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TEK 06-04B



COMcheck (ref. 1) is software developed by the U.S. Department of Energy specifically for demonstrating compliance with nationally recognized energy codes. Versions are available for download (for various software platforms) as well as for online use. Using the tradeoff compliance method allowed by energy codes, such as COMcheck software, may provide more design flexibility when compared to prescriptive table requirements. For example, parameters such as fenestration area can be increased above the prescriptive limitations, and the additional energy demand offset by adjusting fenestration characteristics and/or increasing roof or wall insulation levels. In addition, once the basic building description has been entered into the program and saved, design changes and/or the building location can be quickly modified, and compliance immediately redetermined. COMcheck has another advantage in that various national and state energy codes and energy standards are included within the program, making it easy for designers who work in several states to be able to use the same compliance tool for many different project locations.

After the building data is entered, COMcheck indicates the percentage by which the proposed building envelope passes or fails the chosen energy code requirements. The program can be downloaded free of charge from: http://www.energycodes.gov/ comcheck. It is advisable to also review the known problems in COMcheck, which are documented on this same site.

This TEK provides a basic overview of the program as well as some guidance on concrete masonry building envelope compliance.


COMccheck enables the user to choose the code and year for compliance. This is a critical first step, as energy code requirements can be significantly different from one edition of the code to the next. If unknown, the local building department can provide this information. Currently, the following codes are included:

  • the International Energy Conservation Code (ref. 2), IECC (2000, 2001, 2003, 2004, 2006 and 2009 editions),
  • ASHRAE Standard 90.1, Energy Standard for Buildings Except Low-Rise Residential Buildings (ref. 3) (2001 2004, 2007 and 2010 editions), and
  • state energy codes for New York, North Carolina, Oregon and Vermont, as well as for Puerto Rico.

COMcheck is applicable to all buildings other than low-rise residential, i.e., most commercial, industrial, hotels and educational buildings as well as residential buildings over three stories in height. For low-rise residential buildings, the TM program REScheck (ref. 4) can be downloaded from http:// www.energycodes.gov/comcheck.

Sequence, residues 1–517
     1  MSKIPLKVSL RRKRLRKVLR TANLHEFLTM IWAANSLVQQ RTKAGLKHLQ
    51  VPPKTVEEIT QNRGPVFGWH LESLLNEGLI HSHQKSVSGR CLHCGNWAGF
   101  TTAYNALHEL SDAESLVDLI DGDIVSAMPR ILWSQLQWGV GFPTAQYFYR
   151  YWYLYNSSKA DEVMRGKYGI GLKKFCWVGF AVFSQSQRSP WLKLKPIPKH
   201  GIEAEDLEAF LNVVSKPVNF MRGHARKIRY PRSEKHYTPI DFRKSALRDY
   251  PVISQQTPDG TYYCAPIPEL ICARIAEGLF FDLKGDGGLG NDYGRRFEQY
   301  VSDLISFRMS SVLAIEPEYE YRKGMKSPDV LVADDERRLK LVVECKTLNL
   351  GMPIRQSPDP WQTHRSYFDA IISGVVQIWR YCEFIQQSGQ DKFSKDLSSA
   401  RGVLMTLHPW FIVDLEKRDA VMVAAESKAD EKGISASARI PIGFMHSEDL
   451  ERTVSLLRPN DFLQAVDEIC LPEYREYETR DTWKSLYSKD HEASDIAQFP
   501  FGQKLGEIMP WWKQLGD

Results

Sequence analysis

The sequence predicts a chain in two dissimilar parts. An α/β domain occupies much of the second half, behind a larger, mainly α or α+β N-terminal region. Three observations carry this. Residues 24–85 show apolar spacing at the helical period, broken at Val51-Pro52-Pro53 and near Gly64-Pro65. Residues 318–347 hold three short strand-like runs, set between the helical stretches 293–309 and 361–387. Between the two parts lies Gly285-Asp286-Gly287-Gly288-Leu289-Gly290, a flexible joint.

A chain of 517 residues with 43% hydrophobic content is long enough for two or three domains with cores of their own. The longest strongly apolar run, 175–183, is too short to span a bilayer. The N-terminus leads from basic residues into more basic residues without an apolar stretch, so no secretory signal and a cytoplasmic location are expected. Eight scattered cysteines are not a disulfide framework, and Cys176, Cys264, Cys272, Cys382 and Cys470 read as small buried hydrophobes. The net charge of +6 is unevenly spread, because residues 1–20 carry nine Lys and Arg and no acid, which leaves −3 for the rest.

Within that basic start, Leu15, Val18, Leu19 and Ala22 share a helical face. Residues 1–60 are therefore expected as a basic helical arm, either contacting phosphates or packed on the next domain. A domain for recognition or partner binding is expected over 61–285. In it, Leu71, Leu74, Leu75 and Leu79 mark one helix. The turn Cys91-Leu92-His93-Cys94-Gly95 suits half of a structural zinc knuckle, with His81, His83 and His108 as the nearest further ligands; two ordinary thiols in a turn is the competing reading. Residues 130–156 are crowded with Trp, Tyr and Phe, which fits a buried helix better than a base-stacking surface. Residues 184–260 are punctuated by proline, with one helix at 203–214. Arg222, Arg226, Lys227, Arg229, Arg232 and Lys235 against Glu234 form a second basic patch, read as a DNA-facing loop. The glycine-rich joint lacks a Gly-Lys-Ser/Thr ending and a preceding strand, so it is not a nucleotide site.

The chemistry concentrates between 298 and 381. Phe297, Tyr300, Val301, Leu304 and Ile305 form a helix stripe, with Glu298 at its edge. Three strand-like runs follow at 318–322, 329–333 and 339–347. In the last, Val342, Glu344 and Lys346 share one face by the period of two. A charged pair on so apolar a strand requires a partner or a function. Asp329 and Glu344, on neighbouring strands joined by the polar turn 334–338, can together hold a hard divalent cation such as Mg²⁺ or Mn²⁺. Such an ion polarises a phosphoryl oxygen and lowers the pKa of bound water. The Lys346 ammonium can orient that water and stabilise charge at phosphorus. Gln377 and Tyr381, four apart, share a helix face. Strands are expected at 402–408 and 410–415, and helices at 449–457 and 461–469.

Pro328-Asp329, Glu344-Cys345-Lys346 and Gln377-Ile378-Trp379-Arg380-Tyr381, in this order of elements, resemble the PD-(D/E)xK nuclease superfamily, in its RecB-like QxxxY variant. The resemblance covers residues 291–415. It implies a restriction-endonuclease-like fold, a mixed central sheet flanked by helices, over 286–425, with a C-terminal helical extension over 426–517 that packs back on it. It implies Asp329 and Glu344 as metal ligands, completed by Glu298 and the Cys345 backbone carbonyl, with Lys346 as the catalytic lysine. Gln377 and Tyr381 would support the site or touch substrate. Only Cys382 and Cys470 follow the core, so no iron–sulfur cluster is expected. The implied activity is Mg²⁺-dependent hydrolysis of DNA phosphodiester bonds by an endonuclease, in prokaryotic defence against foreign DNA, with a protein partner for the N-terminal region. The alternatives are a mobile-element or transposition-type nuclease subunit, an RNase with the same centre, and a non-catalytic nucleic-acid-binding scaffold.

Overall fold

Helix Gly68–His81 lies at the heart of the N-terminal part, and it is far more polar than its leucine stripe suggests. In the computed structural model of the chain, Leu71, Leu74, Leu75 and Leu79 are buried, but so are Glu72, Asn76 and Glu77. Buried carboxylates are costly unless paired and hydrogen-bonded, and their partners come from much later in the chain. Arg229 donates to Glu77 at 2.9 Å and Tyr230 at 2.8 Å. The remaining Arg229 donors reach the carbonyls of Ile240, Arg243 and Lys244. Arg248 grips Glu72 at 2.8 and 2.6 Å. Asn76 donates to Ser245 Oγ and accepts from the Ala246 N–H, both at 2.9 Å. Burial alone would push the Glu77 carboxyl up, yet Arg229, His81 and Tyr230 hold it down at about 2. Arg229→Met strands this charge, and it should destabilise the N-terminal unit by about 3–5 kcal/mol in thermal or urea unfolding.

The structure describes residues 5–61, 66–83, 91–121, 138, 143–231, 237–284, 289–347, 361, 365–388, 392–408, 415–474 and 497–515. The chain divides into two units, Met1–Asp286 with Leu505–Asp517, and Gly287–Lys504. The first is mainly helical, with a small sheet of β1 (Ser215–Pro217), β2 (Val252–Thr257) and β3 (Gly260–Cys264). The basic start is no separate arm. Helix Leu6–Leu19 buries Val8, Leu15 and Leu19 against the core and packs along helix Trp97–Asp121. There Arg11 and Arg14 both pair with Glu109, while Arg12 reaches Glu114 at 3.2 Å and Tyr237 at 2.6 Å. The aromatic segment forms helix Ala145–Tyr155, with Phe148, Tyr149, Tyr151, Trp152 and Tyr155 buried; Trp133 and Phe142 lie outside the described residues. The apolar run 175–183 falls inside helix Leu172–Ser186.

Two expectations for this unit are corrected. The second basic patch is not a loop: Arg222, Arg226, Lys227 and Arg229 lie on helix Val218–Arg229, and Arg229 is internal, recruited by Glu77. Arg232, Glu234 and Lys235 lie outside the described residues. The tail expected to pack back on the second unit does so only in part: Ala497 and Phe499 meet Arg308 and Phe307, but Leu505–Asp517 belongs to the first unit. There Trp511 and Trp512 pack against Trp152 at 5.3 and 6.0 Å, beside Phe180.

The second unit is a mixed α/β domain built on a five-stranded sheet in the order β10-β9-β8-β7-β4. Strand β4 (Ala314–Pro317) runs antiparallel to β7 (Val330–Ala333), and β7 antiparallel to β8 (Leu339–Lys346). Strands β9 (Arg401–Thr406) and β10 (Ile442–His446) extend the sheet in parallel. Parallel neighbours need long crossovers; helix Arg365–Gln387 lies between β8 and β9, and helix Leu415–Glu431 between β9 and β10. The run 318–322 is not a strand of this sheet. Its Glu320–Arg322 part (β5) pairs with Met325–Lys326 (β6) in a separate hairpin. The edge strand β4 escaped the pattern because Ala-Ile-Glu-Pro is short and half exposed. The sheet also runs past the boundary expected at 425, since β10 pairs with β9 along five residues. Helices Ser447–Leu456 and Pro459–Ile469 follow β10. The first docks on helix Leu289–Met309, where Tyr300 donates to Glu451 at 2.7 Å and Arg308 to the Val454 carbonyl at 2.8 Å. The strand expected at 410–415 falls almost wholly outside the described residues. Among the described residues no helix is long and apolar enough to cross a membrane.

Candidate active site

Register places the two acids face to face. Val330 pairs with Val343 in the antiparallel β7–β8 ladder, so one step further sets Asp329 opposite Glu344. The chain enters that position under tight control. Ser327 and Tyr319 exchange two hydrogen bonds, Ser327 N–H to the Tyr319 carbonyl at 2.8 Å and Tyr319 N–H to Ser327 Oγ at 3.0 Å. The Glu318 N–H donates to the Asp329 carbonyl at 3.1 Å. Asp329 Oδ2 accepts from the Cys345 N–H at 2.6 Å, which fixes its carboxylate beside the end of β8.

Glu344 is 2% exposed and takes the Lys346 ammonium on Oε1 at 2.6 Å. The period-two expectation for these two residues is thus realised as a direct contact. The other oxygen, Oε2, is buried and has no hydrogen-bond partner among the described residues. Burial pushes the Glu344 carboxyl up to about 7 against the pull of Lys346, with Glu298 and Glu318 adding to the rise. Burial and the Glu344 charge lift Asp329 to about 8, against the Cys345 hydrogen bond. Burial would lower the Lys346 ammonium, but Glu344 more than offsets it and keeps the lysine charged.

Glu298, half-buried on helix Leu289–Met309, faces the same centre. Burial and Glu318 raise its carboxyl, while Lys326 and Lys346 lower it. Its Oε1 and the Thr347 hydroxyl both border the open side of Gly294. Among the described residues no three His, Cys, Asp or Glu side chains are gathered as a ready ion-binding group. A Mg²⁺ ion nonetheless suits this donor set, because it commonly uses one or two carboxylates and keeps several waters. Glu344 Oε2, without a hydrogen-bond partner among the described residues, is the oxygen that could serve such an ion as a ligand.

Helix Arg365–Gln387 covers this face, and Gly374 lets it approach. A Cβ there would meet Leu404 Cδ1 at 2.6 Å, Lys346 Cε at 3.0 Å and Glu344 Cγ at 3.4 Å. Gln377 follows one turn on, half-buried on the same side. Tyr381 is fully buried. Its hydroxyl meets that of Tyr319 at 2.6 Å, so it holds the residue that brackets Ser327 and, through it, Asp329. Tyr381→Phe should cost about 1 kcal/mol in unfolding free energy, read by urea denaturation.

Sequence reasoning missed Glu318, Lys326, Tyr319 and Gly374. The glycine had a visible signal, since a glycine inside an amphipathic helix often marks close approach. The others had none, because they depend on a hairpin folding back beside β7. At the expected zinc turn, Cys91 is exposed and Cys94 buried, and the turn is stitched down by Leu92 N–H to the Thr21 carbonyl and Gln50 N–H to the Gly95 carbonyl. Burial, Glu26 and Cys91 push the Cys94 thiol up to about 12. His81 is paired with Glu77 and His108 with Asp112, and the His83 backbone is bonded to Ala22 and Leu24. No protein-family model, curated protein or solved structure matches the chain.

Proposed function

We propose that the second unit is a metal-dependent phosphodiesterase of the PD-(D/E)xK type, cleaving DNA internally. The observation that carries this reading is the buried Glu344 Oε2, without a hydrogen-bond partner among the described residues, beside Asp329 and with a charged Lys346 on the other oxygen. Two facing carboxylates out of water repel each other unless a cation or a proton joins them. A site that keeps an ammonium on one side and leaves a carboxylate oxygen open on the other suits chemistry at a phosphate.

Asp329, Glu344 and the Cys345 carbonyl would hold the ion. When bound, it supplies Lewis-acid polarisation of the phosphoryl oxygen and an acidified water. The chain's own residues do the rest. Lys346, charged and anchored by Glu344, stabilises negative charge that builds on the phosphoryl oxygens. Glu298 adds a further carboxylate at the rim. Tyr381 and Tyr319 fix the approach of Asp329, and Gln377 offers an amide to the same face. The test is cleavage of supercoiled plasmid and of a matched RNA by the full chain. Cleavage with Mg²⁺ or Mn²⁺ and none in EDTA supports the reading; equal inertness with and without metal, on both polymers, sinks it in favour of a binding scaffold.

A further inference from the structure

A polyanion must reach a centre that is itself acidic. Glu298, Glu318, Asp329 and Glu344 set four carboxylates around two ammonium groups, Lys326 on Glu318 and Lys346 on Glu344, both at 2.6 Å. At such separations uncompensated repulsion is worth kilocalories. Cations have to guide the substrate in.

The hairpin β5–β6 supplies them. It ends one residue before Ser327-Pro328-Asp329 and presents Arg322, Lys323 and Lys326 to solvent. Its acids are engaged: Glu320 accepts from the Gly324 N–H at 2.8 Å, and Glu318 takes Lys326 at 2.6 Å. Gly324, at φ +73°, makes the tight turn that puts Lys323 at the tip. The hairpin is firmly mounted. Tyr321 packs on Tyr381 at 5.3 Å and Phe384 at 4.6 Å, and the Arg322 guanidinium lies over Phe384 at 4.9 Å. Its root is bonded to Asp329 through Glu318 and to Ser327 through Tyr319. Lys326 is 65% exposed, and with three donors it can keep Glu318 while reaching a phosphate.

After choosing the appropriate code, the Project screen is used to enter the building location (which determines climate) and the building use category, such as school, office or restaurant (which determines the internal heat loads, such as lighting loads). The building’s gross floor area is also entered on the Project screen. Note that for multi-story buildings, the total area of all floors is entered, while for single story buildings, the gross floor area is generally equal to roof area. The user can also add descriptive text about the building, client and location.

After the basic information has been entered, the user chooses the Envelope tab to display the envelope compliance screen (see Figure 1). Building envelope data input for COMcheck is straightforward. The user describes the building envelope, component by component, either from a series of drop-down menus or from user-entered data.

Individual envelope elements (roof, skylight, exterior wall, etc.) are chosen from the row above the data table. Then, the table is populated with a description of each element: the element size, R-values or U-factors to describe the steady-state resistance to heat transfer, and solar heat gain coefficient (SHGC) for windows.

When the building envelope has been completely described, the software combines this input with the weather data embedded in the program to perform a location-specific analysis.

The output is a pass/fail rating (in the lower left-hand corner of the screen), along with an indication of how close the proposed building is to meeting the specified code requirements. In Figure 1, the proposed building exceeds the minimum code requirements by 1%. This percentage can help the designer understand the building envelope’s sensitivity to various design changes and help optimize building components.

If the program returns Fails, one or more envelope parameters can be quickly modified and compliance immediately redetermined. Thus, the user can choose from various ways to improve the envelope performance, whether it be in the roof insulation, high-performance glazing or wall performance, based on the economics of the products involved and on other project goals or restrictions.

Figure 1—COMcheck Building Envelope Compliance

Above-Grade Concrete Masonry Walls